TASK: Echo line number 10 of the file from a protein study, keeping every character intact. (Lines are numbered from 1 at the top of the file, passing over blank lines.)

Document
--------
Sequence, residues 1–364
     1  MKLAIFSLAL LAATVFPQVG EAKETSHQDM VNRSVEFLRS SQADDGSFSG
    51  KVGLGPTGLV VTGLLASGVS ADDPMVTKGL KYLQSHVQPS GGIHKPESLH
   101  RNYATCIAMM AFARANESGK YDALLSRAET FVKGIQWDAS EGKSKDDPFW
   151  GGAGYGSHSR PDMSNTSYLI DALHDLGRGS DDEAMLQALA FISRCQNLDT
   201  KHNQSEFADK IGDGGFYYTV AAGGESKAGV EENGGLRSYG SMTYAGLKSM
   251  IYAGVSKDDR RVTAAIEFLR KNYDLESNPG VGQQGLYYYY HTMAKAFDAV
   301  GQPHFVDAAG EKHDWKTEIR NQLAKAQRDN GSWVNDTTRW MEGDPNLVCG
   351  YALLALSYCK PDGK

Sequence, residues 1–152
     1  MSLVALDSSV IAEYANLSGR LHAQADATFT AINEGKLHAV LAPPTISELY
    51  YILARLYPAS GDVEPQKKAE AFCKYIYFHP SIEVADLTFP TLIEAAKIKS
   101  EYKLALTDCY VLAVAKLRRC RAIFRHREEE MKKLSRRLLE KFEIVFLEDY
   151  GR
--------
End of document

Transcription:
Sequence, residues 1–152